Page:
• Is there a sec­tor­al pen­sion fund? Then I is highly likely that a pen­sion fund (even years later and ret­ro­spect­ively!) can suc­cess­fully claim unpaid con­tri­bu­tions.
  • Is there a trans­fer of under­tak­ing? Then the pseudo inde­pend­ent con­tract­or also falls under these pro­tect­ive rules. The buy­ing com­pany could end up with a much lar­ger work­force than anti­cip­ated, with all the con­sequences that entail, such as not being able to avoid a reor­gan­isa­tion due to duplic­ate func­tions.


After the inten­ded busi­ness acquis­i­tion, the above-men­tioned risks are, in prin­ciple, for the account of the buy­er, unless oth­er arrange­ments have been made. Parties can agree on vari­ous guar­an­tees and indem­nit­ies, but for example, also include con­di­tions that all inde­pend­ent con­tracts that the buy­ing com­pany sees as a risk, must be con­ver­ted into employ­ment con­tracts (with or without ret­ro­spect­ive effect) before the sale. It is also import­ant that the selling party remains jointly and sev­er­ally liable for all wage claims up to the trans­fer for the first year after the sale.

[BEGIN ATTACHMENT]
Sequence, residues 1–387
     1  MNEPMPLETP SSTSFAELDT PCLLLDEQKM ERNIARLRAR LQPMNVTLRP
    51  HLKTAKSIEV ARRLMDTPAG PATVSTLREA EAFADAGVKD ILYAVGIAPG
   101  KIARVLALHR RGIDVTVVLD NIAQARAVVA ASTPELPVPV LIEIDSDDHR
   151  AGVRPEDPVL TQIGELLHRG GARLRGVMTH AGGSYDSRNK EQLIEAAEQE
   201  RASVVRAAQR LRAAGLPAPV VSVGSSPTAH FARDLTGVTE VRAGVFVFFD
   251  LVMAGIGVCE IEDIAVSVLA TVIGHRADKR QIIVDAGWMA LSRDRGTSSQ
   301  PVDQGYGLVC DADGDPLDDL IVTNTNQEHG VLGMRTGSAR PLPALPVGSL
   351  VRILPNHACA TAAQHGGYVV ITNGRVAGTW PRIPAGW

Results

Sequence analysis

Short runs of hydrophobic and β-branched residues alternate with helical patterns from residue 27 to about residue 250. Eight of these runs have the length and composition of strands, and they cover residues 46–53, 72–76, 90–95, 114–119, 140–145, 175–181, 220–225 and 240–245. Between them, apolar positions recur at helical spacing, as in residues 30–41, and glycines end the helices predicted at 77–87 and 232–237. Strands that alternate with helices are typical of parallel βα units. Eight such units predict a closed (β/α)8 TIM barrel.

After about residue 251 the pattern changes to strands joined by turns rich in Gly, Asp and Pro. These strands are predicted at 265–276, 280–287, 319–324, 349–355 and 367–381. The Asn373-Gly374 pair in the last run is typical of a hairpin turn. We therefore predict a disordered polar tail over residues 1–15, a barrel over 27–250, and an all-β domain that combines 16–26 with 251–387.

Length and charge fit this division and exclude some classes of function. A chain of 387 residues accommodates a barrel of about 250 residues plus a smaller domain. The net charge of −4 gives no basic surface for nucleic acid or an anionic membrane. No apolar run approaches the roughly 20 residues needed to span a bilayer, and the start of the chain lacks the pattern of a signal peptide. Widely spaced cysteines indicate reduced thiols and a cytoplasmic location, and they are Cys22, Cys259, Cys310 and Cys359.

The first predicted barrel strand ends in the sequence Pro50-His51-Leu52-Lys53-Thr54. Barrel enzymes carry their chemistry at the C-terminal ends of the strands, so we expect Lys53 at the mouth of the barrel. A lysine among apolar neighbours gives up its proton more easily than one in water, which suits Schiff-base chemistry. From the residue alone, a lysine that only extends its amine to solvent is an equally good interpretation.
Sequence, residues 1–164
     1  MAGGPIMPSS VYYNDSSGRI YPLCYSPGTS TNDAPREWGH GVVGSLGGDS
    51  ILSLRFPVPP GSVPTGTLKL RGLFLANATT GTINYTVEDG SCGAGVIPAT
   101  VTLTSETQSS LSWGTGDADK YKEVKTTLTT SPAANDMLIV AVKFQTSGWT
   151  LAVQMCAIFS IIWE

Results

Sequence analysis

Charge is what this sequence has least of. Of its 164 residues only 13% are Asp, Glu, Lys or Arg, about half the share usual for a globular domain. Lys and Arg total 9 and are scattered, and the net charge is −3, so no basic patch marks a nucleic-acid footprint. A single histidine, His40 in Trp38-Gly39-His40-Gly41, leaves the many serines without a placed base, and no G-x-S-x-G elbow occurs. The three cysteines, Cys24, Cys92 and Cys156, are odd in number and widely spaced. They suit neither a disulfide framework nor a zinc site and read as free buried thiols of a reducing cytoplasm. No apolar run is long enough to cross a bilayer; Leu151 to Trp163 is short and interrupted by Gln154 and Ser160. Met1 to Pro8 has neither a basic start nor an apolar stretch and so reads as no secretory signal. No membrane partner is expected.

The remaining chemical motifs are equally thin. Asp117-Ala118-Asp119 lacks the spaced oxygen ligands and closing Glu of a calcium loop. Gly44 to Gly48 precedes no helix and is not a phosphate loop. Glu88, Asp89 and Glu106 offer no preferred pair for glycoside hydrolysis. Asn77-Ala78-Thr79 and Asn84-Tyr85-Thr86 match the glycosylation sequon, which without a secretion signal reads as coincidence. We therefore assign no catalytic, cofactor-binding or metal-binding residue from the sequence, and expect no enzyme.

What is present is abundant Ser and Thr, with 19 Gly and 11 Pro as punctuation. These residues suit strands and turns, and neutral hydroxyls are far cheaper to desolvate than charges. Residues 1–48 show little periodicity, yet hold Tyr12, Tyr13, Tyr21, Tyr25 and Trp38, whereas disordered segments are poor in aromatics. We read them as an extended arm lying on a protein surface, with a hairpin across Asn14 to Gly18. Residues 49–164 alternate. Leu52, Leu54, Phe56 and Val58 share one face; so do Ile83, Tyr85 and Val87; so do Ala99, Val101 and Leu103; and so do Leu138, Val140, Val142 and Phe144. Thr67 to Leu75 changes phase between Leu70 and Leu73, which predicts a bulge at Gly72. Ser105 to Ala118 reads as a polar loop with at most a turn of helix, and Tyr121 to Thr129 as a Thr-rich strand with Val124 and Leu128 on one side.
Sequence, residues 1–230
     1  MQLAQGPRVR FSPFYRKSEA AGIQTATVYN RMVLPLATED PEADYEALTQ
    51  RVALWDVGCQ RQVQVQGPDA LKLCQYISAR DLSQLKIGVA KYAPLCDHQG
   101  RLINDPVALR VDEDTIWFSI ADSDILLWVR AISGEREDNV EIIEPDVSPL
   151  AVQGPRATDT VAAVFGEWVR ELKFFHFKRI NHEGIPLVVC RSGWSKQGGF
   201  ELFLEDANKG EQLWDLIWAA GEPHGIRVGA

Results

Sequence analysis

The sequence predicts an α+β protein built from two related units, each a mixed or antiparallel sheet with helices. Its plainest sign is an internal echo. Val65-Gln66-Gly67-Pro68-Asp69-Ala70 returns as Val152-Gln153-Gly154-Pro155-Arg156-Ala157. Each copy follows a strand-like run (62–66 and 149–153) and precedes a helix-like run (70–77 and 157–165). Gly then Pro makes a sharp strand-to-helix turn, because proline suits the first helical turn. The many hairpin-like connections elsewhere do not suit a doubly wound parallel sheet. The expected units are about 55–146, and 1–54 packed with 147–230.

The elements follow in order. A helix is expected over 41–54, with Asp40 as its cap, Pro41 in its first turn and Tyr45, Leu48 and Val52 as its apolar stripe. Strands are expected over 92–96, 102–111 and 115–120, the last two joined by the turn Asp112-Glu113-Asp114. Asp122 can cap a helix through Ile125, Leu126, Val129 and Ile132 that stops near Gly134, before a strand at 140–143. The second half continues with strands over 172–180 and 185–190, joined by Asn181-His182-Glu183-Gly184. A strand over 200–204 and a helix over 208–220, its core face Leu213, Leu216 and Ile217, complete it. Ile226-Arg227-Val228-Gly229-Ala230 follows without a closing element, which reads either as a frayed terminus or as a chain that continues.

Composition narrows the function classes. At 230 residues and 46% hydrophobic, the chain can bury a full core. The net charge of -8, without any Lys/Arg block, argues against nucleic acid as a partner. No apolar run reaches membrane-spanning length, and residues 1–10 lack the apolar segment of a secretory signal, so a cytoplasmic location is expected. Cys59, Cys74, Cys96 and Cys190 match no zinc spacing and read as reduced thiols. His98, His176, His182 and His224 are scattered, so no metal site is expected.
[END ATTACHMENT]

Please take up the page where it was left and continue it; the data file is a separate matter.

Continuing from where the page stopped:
As soon as a buy­ing party deals with a (sig­ni­fic­ant) inde­pend­ent con­tract­ors at the seller’s side, alarm bells should ring. It is advis­able to scru­tin­ize these con­tracts and their prac­tic­al exe­cu­tion closely. Espe­cially if the selling party has been mak­ing struc­tur­al use of this inde­pend­ent con­trac­ted pop­u­la­tion for a long time, per­form­ing largely core busi­ness activ­it­ies, and has few to no oth­er cli­ents. If false inde­pend­ent con­tract­ing is iden­ti­fied, this could have very sig­ni­fic­ant fin­an­cial con­sequences. Be alert, and in case of doubt, we are more than will­ing to think along with you!


Want to know more about everything related to the top­ic of inde­pend­ent con­tract­ors? Click here!